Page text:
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"The government today said telecom operators will have to stop any such services that can not be monitored as per the satisfaction of law enforcement agencies. BlackBerry-maker Research in Motion (RIM) has been saying that it cannot provide access to the popular BlackBerry Enterprise Service (BES) as it does not possess any key and the security architecture is the same around the world."...
Either I missed the outrage or no one cares as much about this issue. And to those who argue this is a necessary security measure, I ask them to keep the doors of their houses open because, you know, most terrorist attacks are planned in closed structures.

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It’s been a hell of a year for consumer privacy, or the lack thereof...
Now Congress is debating new privacy laws and the FTC has weighed in with proposals for a No Tracking List to thwart nosy Web advertisers...the online data industry immediately began trash talking the FTC’s ideas, calling for even more ‘self regulation’...
Apparently, the 10 years online data mongers have been given to come up with privacy protections that actually protect privacy hasn’t been enough. Just give them another 10 years and they promise they’ll get it right.
I’ve got a better solution. Instead of a welter of new laws or regulations, how about just one: The Honest Privacy Policy Act. The HPPA would require every company to post a simple, direct, and brutally honest policy detailing what really happens to your data.
To help this proposal along I’ve come up with one of my own – and it’s 5,085 words shorter than Facebook’s. Here’s what a real privacy policy might look like:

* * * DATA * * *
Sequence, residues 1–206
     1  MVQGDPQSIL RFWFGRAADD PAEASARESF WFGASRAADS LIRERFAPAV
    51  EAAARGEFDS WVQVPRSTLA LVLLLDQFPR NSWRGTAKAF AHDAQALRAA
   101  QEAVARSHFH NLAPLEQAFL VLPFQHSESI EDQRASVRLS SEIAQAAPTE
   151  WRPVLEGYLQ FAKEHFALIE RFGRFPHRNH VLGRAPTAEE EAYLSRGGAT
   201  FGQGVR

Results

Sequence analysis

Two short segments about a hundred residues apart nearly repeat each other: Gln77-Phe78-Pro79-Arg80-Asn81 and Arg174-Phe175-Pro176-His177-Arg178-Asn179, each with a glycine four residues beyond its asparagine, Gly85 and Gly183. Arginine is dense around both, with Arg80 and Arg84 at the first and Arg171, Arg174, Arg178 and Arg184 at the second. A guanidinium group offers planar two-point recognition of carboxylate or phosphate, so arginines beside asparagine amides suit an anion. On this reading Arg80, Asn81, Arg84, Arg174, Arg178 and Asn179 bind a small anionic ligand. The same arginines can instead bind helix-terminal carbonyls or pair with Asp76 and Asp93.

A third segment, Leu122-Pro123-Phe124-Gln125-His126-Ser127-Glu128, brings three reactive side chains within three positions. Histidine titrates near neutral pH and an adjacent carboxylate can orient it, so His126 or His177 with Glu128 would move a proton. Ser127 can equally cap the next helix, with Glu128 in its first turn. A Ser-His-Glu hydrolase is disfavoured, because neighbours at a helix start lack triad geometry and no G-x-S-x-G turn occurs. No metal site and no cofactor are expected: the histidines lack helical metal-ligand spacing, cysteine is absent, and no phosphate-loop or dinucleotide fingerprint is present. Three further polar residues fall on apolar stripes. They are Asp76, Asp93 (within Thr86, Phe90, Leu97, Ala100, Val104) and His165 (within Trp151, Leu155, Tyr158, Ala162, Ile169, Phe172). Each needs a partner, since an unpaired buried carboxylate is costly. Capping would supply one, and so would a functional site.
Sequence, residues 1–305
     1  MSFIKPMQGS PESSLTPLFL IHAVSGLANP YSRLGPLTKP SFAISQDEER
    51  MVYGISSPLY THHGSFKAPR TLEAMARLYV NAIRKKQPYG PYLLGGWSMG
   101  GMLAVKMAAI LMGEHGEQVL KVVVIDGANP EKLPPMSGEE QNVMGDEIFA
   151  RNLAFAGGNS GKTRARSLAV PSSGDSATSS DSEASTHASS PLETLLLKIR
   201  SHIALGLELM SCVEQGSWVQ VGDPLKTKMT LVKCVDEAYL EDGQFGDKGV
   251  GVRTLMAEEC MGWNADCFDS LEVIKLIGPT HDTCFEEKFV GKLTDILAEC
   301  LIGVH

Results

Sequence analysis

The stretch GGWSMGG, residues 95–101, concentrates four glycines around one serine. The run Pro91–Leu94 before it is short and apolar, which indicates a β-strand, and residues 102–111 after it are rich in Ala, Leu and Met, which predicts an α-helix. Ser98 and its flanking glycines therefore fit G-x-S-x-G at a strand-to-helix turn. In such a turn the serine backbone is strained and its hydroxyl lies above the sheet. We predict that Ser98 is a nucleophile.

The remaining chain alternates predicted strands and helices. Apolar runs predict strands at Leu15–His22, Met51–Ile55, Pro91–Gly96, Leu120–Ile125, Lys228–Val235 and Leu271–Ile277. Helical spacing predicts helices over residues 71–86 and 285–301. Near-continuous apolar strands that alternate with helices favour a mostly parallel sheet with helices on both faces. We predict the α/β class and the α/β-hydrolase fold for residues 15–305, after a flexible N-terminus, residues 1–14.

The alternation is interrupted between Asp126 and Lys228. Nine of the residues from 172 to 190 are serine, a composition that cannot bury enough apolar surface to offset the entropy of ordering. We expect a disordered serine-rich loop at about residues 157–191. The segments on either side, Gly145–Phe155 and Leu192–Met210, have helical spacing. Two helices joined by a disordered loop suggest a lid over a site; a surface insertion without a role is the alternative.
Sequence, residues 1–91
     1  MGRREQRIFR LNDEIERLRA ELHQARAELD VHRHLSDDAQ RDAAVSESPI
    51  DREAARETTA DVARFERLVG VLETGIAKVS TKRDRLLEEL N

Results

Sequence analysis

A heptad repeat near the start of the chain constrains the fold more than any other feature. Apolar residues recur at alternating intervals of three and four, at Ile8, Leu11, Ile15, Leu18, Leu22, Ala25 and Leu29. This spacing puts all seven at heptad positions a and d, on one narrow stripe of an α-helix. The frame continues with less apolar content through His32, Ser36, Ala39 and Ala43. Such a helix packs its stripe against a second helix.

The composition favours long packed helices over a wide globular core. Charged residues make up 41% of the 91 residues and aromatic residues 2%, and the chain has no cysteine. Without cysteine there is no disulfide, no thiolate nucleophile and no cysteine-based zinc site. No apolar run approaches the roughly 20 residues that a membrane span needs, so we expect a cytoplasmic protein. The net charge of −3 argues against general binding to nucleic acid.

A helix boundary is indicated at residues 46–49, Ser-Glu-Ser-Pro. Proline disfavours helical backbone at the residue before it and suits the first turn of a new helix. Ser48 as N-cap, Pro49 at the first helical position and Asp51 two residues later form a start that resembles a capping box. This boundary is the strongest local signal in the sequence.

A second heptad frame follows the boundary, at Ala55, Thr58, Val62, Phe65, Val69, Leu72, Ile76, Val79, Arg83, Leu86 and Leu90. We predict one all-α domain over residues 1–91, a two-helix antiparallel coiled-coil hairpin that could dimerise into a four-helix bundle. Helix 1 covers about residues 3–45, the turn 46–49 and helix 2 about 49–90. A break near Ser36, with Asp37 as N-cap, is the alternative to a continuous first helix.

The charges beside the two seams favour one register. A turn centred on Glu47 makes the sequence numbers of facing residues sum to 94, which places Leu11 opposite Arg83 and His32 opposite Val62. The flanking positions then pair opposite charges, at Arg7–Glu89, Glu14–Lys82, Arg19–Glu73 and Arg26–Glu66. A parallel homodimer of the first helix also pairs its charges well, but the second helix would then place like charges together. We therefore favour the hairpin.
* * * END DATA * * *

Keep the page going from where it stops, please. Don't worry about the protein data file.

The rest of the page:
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some of my HR colleagues are real dunces. I know because people write me and tell me about them all the time. And when you run into one of these, there are times you must, must, must push back. HR is not outside the company structure. They report into somebody...
Because your job as a manager is to make the business profitable, and you do that by hiring, retaining, and developing the best people, don’t let HR stand in your way of doing just that. Here are 3 times when you must push back:
1. When the existing policy defies good sense.
2. You need to fire a poor performer.
3. HR wants your employees (and you!) to attend a ridiculous training.

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Now what should be done at the Babri site—I honestly believe (and I am sure I am not the only one) that, in order to please everyone, we should construct a gigantic shopping mall- multiplex complex. Why? Because a mall is the temple of modern India...as it is constructed in the name of the one God that unites us all—- Hindu, Muslim, Christian, Sikh, Himmeshites. The Capitalist God, the most secular of them all. Vulgar and ostentatious He may be but at least when He peddles false hopes of salvation by making you sacrifice your money, He discriminates against no one.